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The FCIC's Pointless Report and the Future of Fannie and Freddie

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Have we learned anything new from the Commission's report? Are there clear recommendations that will help prevent another financial crisis?

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In my New York Times Best Selling book, A Colossal Failure of Common Sense - The Inside Story of the Collapse of Lehman Brothers, I make a strong case. Our government allowed Fannie Mae and Freddie Mac to become a giant mortgage-backed security hedge fund, complete with 70-1 taxpayer-funded leverage.

They had sub Libor financing, meaning the luxury of borrowing money at one of the lowest interest rates in the world, all risks backed by the US taxpayer. To understand this kind of leverage, imaging walking into the most profitable casino in Las Vegas, all you have is $100 in your pocket. Yet, because of your good credit, the casino allows you to play blackjack with $7,000 at risk on the table. The slightest loss and your equity is wiped out. That's exactly what happened to Fannie and Freddie and today the US taxpayers have lost well over $360 billion in this reckless risk-taking bonanza. That's over half the cost of the entire war in Iraq.

It wasn't always this way but as Samuel Johnson once said, the road to hell is paved with good intentions. In the '90s Fannie and Freddie only used 30-1 leverage, but the great enabler, the US Congress, was there all they way, clueless as to the real risks lurking below the surface. I know a thing or two about risk and leverage. My former employer was levered 40-1, that was before we filed Chapter 11 bankruptcy. Uncle Sam chose not to save Lehman yet letting it fail cost the taxpayer dearly. When that $660 billion domino fell, it obliterated the value of Fannie and Freddie's $5 trillion mortgage portfolio, crushing the US taxpayer in the process. Thank you, Hank Paulson.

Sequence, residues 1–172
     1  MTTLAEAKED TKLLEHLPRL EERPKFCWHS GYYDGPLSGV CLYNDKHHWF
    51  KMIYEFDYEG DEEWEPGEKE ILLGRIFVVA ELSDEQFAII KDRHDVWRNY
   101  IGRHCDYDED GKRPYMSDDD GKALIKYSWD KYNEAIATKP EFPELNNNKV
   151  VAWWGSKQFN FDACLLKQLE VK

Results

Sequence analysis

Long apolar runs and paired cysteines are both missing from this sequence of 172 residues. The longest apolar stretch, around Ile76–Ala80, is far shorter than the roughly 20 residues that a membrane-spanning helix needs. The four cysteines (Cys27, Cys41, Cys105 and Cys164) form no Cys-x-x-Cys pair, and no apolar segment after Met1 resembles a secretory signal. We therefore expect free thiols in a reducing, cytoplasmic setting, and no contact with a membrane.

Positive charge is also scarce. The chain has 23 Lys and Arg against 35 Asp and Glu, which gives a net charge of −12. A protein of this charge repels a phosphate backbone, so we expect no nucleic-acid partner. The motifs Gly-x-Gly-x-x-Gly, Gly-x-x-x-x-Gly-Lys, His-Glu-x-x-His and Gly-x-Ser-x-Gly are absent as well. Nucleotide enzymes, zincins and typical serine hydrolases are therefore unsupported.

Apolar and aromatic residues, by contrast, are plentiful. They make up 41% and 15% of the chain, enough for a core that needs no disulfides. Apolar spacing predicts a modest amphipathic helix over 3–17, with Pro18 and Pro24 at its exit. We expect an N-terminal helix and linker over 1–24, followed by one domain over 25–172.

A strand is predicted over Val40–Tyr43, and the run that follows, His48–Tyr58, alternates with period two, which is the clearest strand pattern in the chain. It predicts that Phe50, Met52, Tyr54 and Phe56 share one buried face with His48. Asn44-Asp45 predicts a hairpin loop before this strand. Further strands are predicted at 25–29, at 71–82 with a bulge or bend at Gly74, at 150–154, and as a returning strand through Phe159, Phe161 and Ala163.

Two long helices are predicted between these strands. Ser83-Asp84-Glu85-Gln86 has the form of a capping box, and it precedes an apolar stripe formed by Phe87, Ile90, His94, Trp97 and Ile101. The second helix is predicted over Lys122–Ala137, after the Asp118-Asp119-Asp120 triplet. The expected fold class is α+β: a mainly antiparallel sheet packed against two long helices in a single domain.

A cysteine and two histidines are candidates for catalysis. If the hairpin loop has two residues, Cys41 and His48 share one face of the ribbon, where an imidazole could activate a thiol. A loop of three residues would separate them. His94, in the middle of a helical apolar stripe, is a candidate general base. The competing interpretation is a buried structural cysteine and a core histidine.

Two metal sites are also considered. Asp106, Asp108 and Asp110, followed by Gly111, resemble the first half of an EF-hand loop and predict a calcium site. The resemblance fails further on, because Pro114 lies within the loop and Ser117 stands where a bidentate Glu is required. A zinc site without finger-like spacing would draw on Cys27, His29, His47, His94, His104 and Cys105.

Where We Stand Today


The recent conferences in Washington debating reform of Fannie Mae and Freddie Mac are filled with political mudslinging, it's the ultimate blame game. Last week's release of the Financial Crisis Inquiry Commission's (FCIC) Report and Dissents are making big headlines. Yet, the story within the story is how political infighting tore this dysfunctional commission apart, $10 million spent and we have very little to show for it. I am outraged that President Obama has not stepped in here. I think he blew a golden opportunity to lead and protect billions of US taxpayer dollars at stake. The FCIC report is a joke; it's the rehash of all rehashes. It looks like my book, Andrew Ross Sorkin's Too Big to Fail, and Michael Lewis' The Big Short all thrown into one 700-page document.

I was interviewed for hours by the FCIC and I still don't have answers to these questions. Is there anything new we have learned in the Commission's report? Are there clear recommendations that will help prevent another financial crisis? The commission was divided by politics and their conclusions are as messed up as a Brett Farve retirement party -- his seventh one, no less. Ironically the most hapless part of the report is probably the most important. What really went wrong with Fannie and Freddie and how do we fix them?

The real battles are being fought within the Obama Administration, among regulators over smaller related housing issues, and between Republicans in the new Congress. The next few weeks will show significant developments in some of these areas, but the process for reforming Fannie and Freddie, the housing finance system more broadly, lags far behind the deficit and job creation in the minds of Congress and the Obama Administration. It's a shame but look for this battle to take years, not months, dragging out the uncertainty and sclerosis which has plagued the housing markets for the past several years.